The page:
single-use plastics

Plastic-free public events in ACT

In an Australian first, the ACT Government has declared public events as ‘plastic-free’ under the Plastic Reduction Act, passed earlier this year. It is also engaging with the community and industry on the phase-out of the second tranche of single-use plastic items from 1 July 2022.

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Support for ACT CDS at an all-time high

The release of the ACT’s 2019-20 Container Deposit Scheme Annual Statutory Report has shown support among Canberrans is at an all-time high with strong and growing participation.

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ACT revokes all charity bin licences to combat illegal dumping

The ACT Government has immediately revoked the licences of all charity bins operating on public land throughout Canberra, in a bid to tackle a rise in illegal dumping.

City Services Minister Chris Steel said the decision was made with the support of charity bin operators.

“This decision has been made due to the growing challenges faced by charity operators in managing illegal dumping around the diminishing number of clothing bins around the city,” he said.

“Despite a range of measures to address the problem, including CCTV and improved compliance, some Canberrans are still continuing to dump goods next to bins, leaving our city untidy. It’s unfair for the charities to have to clean up these dump sites, so they have been withdrawing these services.”

According to Mr Steel, COVID-19 has also impacted the availability of charity workforces to manage the bins.

“I am urging all Canberrans to please stop taking items to charity bins from now. We have already started the process of removing the remaining ones from locations around Canberra, and will continue to do so in the coming days and weeks,” he said.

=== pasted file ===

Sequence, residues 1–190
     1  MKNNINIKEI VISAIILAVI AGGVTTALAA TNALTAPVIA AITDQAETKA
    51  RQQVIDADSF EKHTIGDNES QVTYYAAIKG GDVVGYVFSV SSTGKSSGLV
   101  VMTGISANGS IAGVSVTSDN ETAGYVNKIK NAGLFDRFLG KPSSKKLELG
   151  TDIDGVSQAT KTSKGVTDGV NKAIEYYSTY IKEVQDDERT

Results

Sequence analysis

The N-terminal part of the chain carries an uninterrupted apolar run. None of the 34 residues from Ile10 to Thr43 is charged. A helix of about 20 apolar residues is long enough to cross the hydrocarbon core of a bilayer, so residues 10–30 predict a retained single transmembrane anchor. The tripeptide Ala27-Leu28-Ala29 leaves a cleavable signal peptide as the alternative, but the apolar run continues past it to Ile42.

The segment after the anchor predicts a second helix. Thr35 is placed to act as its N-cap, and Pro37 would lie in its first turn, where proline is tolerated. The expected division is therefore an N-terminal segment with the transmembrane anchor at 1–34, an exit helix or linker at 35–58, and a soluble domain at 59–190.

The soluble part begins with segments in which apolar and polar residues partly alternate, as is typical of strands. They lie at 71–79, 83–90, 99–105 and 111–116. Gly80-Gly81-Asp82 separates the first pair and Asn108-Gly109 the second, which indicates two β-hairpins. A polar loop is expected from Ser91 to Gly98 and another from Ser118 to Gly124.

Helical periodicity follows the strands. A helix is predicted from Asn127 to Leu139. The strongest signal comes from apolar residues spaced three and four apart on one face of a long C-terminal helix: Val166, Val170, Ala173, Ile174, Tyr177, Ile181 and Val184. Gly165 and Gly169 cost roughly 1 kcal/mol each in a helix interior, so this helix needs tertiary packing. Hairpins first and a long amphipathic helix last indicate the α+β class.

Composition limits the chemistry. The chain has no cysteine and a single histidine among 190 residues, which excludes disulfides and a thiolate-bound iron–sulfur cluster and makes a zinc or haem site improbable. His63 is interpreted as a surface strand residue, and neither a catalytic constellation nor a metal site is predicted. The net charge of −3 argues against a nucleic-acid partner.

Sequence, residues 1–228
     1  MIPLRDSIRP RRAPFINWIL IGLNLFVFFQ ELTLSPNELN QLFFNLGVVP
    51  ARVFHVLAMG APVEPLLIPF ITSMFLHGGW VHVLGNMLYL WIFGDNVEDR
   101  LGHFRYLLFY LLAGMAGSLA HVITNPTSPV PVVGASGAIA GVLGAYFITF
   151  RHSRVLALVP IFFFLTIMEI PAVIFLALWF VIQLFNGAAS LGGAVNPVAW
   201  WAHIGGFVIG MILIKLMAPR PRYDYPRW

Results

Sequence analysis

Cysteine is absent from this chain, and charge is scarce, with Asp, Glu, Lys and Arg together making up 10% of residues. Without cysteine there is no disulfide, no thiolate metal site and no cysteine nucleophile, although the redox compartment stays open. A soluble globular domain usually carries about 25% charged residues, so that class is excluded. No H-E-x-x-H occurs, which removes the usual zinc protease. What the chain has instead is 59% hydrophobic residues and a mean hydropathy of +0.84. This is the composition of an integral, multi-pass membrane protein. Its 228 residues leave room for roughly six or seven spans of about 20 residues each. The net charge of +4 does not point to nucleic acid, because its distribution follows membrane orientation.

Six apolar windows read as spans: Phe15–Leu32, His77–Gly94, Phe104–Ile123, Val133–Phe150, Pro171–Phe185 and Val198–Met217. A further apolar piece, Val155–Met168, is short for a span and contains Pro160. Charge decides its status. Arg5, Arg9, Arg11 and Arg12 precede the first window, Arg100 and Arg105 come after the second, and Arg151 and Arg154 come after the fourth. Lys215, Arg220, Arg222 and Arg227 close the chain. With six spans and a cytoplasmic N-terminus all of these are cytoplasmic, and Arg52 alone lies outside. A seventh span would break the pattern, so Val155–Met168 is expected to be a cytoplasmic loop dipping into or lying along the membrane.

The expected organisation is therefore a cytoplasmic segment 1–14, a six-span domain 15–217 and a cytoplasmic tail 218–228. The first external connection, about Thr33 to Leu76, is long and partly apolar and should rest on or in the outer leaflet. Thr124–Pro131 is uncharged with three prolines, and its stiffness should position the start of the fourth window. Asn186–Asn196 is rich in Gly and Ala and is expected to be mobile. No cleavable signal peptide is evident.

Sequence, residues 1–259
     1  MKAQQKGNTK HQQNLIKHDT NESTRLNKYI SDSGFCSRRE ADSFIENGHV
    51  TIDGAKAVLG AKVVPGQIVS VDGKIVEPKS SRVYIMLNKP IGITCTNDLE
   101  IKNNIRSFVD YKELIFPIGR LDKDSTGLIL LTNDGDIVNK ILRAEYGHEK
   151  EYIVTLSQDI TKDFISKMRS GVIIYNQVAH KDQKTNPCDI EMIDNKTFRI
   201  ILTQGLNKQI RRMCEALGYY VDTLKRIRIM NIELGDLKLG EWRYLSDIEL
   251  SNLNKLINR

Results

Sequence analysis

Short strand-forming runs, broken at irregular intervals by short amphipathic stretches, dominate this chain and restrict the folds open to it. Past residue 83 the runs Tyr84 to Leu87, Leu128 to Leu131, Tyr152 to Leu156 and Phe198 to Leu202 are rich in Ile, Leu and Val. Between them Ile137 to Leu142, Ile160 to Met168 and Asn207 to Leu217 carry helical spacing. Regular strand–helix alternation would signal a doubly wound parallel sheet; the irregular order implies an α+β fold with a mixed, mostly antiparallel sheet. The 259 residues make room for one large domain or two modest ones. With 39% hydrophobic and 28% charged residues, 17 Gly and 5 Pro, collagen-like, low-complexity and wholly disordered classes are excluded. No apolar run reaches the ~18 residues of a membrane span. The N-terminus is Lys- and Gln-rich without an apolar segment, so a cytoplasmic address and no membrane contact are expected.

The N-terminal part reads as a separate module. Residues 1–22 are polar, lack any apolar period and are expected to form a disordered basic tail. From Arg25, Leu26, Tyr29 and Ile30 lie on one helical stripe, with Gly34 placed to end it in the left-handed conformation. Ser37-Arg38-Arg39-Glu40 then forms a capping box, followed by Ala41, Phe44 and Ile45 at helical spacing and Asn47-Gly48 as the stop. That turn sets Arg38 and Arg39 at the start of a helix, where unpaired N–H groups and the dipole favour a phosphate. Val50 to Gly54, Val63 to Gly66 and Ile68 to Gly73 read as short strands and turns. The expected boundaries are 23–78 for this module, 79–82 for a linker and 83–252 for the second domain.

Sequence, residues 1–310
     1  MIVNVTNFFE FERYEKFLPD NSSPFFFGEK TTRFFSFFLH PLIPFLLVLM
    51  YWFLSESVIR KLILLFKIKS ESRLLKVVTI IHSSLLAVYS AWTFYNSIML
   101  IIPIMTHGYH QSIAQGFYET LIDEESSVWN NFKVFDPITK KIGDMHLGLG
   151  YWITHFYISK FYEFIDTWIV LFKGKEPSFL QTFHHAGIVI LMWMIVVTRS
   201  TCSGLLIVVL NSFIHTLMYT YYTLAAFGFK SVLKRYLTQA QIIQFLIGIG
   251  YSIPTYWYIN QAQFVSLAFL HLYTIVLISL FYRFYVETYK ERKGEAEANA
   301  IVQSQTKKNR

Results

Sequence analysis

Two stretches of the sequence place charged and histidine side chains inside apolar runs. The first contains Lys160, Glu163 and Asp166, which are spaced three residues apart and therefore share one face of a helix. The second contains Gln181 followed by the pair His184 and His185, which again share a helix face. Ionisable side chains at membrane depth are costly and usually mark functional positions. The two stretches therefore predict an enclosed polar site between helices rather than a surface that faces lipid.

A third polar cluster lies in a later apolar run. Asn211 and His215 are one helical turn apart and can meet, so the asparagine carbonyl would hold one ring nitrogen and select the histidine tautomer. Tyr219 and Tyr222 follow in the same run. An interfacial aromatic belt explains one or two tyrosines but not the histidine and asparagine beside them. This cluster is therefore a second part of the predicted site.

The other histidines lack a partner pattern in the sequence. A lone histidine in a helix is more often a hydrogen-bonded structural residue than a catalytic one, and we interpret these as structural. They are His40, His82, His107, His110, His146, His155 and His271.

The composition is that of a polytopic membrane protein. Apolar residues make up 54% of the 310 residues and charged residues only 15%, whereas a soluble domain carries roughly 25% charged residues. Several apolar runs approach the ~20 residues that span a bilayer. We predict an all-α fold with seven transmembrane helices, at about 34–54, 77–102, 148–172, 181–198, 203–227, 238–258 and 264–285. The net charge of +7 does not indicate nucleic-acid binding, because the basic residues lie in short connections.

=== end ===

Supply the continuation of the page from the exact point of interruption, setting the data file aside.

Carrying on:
Mr Steel said the ACT Government remains committed to continued collaboration with the charity sector to ensure opportunities for the reuse and recycling of unwanted items.

“Following the public health emergency, we will seek to meet with the charity sector and other interested organisations to work on the future of textile recycling in the ACT,” he said.

“This will involve identifying alternative collection points in the future, as well as looking to improve textile recycling beyond what is already available in the ACT.”

High quality items including clothing, books and homewares will still be accepted by charities with shop fronts currently accepting goods.

“I would also ask Canberrans to be mindful of the current COVID-19 challenges and to consider storing their items at home temporarily during this time and to avoid unnecessary travel. Poor quality and broken goods should go in the rubbish bin,” Mr Steel said.

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ACT MRF stores paper and cardboard amid bushfire crisis

Paper and cardboard processed through the ACT materials recovery facility (MRF) will be temporarily stored to manage the impacts of the bushfire crisis in NSW.

According to Recycling and Waste Reduction Minister Chris Steel, the MRF at Hume processes approximately 470 tonnes of paper and cardboard each week from kerbside recycling bins, local council areas and commercial entities.